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Two common mistakes: Overextending and “Win more” strategies

by Solpugid



Please do not think that applying extra pressure to your opponent is always bad. You’re still trying to win the game, after all. If they’re out of cards while playing a control deck you may want to kill them as quickly as possible (by adding more creatures to the board) so they don’t even have a chance to draw into mass removal, or anything that will save them. Another case where playing all you’ve got to try and win the game is actually good is against another deck with a similar strategy. If they’re playing out creatures just as quickly as you are you can be pretty sure they’re not going to wipe the board out, and if they do they’re no better off than you are.

The second strategy this article will cover is what is known as “win more” strategies. They are similar to overextending in that they involve unnecessary actions in attempts to win the game faster, or in a more flashy way. The difference is in that “win more” typically refers to cards. The term applies to cards that appear to be extremely powerful, but only reach that power level when you’re already in a good position to win the game. Thus, they allow you to “win more”.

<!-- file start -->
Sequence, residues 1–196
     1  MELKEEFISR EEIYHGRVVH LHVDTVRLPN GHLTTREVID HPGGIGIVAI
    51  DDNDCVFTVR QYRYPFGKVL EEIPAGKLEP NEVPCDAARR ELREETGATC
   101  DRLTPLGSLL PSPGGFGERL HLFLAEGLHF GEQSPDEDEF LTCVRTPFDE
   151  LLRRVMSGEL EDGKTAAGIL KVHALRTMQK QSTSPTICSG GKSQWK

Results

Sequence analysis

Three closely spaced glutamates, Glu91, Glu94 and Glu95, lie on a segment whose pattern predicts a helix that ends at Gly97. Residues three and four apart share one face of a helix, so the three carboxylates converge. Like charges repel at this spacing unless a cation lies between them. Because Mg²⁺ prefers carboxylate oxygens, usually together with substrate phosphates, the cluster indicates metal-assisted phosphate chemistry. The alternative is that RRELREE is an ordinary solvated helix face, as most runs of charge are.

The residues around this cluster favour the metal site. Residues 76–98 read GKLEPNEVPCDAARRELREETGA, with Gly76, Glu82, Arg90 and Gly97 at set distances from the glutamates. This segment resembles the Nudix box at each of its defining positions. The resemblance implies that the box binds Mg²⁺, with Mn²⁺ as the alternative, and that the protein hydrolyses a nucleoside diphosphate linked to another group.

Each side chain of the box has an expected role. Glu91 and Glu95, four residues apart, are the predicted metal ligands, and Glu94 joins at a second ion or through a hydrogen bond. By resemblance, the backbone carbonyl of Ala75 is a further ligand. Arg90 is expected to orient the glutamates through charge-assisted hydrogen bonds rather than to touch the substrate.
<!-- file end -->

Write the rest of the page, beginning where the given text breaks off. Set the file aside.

These cards commonly find their ways into newer players’ decks because on the surface they seem devastating. As an example, take Epic Struggle. With this card you win the game if you have 20 or more creatures in play. If you’re playing that same green/white deck from above you may often find yourself getting tons of creatures into play, even twenty at times, so playing epic struggle may seem like a good idea. But when you have twenty or more creatures in play, you’re probably going to win the game already. In this sense the epic struggle isn’t even needed. On the opposite end of the spectrum, if your opponent is playing a control deck and has kept you down all game, then drawing that epic struggle will be entirely pointless. What you would really want is a card to help you gain control of the game again, such as another threat creature.

Playing “win more” cards may seem great when you’re already winning the game, but when you’re losing they are just about the worst things to draw. As more examples of “win more” cards, note the following cards:

-Mindleech Mass: when you have a 6/6 trampler out, your opponent will have a very good chance of already being out of cards. Therefore the mass’s ability is situational at best.
-Brawl: If your creatures are bigger than their creatures…why don’t you just attack with them?
-Thundermare: If you’re playing a red deck and your opponent is at low enough life to be killed by the mare, burn spells will often be better. If the mare doesn’t kill them you’ll be tapped out and susceptible to a brutal counterattack.


Last edited 5/15/2006 3:01:49 PM Page 2 of 3  Prev  Next  Go to page:

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